“We encourage our peers to join us in exploring this transformational response. By leveraging the best of what our partners and peers can contribute to supporting and expanding this program, we predict the implications of its impact could be significant.”
Mayors for Guaranteed Income
“It is no surprise that Mayor Stoney brings such forward-thinking leadership to a challenge he’s identified in his community. Guaranteed income is the most direct way to address gaps left by conditional benefits systems, and the design of this program demonstrates how well he knows and serves his constituents who would otherwise be slipping through the cracks of an insufficient social safety net,” said Mayor of Stockton and founder of Mayors for a Guaranteed Income, Michael Tubbs.
"No matter the state of the nation, mayors are uniquely suited to meet the moment and help our friends and neighbors who are struggling with real action. As we’ve seen in Stockton, we know that guaranteed income can make all the difference for individuals who are not treated with dignity by an economy that isn’t built to work for everyone. The Richmond program and the pilots that follow will surely reinforce the impact we know an income floor can have for people’s overall well-being and quality of life."
Federal Reserve Bank of Atlanta (Atlanta Fed)
“The Atlanta Fed is pleased to partner with the City of Richmond and Robins Foundation on the Richmond Guaranteed Income Pilot. The Atlanta Fed, in collaboration with the Richmond Fed, will use its Career Ladder Identifier and Financial Forecaster (CLIFF) to evaluate how the guaranteed income pilot interacts with the social safety net, reduces barriers to career investment, and supports families on their career path to economic security.
“The Atlanta Fed partners with organizations to conduct research on benefits cliffs and develop tools to support community and state efforts to improve economic security for families. As part of this effort, the Atlanta Fed developed CLIFF. CLIFF is an analytic tool designed to aid workforce and human services professionals, employers, nonprofits and policymakers working to mitigate benefits cliffs and support families through changes in practice, policy, systems and alignment.”
Federal Reserve Bank of Richmond (Richmond Fed)
“The Richmond Fed seeks to provide resources to partners in our District, through our community development outreach and our research, that address barriers to economic mobility, one of which is CLIFF, developed by the Atlanta Fed. The Richmond Fed looks forward to supporting our partners’ use of these tools as we seek to better understand barriers to economic mobility and career advancement in our District and how policies and practices like the Guaranteed Income Pilot might help address these issues.”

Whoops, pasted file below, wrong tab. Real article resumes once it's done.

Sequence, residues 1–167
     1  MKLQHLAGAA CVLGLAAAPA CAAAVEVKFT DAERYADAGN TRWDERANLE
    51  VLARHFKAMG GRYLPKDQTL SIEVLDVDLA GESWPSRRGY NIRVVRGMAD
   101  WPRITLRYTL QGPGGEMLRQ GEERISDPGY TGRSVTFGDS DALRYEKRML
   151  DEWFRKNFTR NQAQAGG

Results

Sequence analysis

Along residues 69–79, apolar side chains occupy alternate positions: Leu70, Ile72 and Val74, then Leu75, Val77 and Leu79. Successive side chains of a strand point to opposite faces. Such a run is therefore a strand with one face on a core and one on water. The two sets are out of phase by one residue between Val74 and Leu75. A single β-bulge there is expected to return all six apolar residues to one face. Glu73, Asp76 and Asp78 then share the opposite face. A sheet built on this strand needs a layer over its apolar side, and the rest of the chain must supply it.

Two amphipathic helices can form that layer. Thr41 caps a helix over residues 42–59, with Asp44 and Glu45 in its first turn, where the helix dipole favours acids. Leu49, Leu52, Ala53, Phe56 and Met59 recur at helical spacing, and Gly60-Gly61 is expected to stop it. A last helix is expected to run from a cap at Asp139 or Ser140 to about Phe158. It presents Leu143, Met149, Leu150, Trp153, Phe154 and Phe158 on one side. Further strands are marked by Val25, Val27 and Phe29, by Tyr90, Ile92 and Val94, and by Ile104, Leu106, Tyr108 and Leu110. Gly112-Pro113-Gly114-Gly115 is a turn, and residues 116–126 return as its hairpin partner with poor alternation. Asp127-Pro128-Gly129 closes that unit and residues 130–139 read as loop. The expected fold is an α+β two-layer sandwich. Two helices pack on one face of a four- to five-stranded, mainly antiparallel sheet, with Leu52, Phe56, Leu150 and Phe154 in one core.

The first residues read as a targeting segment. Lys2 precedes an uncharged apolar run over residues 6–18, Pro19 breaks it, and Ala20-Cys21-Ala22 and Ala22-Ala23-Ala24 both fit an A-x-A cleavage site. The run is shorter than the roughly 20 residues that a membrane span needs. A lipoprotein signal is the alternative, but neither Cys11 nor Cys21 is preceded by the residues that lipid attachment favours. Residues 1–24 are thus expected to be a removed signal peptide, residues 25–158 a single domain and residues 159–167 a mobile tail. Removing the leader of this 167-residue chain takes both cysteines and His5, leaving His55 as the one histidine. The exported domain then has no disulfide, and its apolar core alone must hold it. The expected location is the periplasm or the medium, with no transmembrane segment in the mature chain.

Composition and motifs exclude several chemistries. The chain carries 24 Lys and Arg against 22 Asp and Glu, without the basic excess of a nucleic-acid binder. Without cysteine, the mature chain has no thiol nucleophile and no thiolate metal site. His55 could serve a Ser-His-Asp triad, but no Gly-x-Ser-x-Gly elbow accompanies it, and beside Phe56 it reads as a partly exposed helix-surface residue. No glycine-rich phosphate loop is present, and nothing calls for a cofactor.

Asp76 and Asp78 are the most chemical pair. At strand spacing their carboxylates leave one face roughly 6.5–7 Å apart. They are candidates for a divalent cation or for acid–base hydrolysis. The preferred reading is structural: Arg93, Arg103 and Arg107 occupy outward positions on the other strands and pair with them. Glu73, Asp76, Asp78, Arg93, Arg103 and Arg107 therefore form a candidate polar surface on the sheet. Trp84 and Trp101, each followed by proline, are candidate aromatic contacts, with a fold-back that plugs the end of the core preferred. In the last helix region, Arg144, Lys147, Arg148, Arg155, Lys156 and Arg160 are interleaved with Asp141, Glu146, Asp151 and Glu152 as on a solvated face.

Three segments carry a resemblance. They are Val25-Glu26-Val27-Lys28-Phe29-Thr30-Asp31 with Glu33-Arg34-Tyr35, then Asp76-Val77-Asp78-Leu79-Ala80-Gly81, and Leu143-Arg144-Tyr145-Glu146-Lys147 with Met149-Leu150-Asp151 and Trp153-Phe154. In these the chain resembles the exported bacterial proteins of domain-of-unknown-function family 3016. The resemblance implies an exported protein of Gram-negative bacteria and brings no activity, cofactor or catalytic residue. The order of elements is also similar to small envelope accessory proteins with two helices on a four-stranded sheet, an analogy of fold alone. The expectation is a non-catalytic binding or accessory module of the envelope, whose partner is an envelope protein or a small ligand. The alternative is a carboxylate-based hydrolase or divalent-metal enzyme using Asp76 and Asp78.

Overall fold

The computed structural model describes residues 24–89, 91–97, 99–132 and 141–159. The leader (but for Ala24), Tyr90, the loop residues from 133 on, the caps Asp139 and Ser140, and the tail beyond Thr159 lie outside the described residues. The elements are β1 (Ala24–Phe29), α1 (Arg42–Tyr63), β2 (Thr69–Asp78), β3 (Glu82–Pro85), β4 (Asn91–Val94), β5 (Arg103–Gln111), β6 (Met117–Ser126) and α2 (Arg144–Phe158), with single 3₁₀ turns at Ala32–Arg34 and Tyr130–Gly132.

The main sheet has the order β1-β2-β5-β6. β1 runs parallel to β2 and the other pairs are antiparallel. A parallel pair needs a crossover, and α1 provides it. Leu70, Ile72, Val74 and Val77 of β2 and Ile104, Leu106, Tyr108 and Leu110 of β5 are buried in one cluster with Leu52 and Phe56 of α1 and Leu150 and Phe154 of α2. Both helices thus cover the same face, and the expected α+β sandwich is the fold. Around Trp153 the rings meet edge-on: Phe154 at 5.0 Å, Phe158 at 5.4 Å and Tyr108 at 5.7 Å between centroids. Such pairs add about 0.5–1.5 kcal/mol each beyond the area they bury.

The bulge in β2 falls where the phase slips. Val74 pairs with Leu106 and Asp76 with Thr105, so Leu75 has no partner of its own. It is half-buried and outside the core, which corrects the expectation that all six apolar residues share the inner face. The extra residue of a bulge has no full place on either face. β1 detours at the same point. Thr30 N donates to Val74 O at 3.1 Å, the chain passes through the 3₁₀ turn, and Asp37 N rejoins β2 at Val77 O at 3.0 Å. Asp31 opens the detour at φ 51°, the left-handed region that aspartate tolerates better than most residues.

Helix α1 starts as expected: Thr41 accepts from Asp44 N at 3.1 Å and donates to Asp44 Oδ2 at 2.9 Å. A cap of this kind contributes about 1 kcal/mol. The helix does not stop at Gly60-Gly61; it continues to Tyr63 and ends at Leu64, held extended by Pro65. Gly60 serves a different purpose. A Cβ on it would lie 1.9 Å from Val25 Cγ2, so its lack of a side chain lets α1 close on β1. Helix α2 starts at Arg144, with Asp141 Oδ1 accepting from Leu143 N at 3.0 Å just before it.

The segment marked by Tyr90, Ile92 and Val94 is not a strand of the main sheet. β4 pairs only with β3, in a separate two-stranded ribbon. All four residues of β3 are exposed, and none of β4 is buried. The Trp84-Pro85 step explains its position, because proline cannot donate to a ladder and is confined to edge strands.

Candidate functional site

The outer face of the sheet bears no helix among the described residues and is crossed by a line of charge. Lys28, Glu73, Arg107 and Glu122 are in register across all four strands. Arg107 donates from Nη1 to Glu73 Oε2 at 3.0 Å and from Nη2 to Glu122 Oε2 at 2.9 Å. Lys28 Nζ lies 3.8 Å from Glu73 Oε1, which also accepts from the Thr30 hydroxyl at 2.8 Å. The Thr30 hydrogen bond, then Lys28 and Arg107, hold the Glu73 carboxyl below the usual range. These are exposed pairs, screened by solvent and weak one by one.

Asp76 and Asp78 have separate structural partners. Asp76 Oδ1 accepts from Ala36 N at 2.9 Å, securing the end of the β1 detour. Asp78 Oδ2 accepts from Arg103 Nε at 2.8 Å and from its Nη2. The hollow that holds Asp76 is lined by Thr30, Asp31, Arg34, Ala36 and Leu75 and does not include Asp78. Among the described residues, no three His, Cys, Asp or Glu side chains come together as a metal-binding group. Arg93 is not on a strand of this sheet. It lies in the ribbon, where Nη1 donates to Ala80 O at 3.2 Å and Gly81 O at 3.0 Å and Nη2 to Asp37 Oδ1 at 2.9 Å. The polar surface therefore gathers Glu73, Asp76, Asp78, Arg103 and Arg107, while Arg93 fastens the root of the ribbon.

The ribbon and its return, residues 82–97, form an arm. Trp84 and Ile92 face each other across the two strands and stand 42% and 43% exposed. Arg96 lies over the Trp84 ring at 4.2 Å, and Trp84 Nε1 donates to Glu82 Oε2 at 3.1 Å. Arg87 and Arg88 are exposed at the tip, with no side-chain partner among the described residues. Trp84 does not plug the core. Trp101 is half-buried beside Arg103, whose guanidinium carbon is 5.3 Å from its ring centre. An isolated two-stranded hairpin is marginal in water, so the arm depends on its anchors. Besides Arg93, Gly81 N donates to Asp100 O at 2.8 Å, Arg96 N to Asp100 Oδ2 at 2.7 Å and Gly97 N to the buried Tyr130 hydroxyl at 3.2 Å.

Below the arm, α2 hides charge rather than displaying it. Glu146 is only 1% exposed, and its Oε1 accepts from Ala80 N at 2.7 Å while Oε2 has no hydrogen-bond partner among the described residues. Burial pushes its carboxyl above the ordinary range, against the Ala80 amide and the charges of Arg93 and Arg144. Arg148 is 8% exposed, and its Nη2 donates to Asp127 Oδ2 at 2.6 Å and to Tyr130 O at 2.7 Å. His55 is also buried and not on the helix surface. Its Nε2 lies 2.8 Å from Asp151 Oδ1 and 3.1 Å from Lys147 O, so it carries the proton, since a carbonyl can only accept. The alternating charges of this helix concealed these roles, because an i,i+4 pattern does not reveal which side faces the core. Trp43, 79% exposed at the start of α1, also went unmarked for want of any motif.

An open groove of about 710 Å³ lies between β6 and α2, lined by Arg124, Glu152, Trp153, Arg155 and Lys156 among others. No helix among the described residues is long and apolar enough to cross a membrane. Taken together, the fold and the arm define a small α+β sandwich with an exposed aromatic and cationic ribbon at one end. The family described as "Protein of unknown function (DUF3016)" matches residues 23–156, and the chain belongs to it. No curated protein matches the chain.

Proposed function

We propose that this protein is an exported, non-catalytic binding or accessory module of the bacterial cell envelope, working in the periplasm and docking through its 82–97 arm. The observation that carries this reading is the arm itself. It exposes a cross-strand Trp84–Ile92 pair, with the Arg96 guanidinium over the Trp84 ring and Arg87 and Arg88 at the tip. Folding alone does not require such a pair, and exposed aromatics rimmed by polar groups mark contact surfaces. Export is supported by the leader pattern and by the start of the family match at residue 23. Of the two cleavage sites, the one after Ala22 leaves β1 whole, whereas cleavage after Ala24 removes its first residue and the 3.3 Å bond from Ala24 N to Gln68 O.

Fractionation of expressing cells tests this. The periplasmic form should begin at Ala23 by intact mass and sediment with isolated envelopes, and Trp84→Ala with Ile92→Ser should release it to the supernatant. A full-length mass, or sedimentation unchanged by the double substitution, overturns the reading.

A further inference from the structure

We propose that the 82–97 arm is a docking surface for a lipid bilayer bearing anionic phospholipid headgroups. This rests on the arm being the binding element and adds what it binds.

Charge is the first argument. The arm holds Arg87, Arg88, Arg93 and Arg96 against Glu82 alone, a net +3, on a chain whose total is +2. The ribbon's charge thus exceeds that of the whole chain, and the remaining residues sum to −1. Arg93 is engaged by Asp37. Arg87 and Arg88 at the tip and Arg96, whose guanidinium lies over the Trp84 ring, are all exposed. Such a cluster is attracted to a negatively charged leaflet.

Family Independence Initiative

“After working with thousands of families for nearly 20 years, Family Independence Initiative (FII) is certain that people don’t live in poverty because they are lazy, uneducated or mismanage money as stereotypes would indicate,” said Kofi Kenyatta, director of policy and practice for Family Independence Initiative. “Our approach views low-income individuals and families from a position of strength, recognizing that they have the capacity and insight needed to make decisions for themselves. We are pleased to be in partnership with stakeholders from across the Richmond region to trust and invest in the people of Greater Richmond.”
Center for Guaranteed Income Research
“The Center for Guaranteed Income Research is the leading applied research institution that studies the impacts of guaranteed income and unconditional cash transfers across the US. We are pleased to partner with the City of Richmond, as they launch one of the first pilots affiliated with Mayors for a Guaranteed Income. In partnership with city leadership, we look forward to implementing rigorous mixed-methods research that will help the city and nation understand the impacts of guaranteed income on physical and mental health, financial security, housing stability, family dynamics and parenting, transportation access, and agency over one's future.”

Or search using "Type it, find it" above


Or search using "Type it, find it" above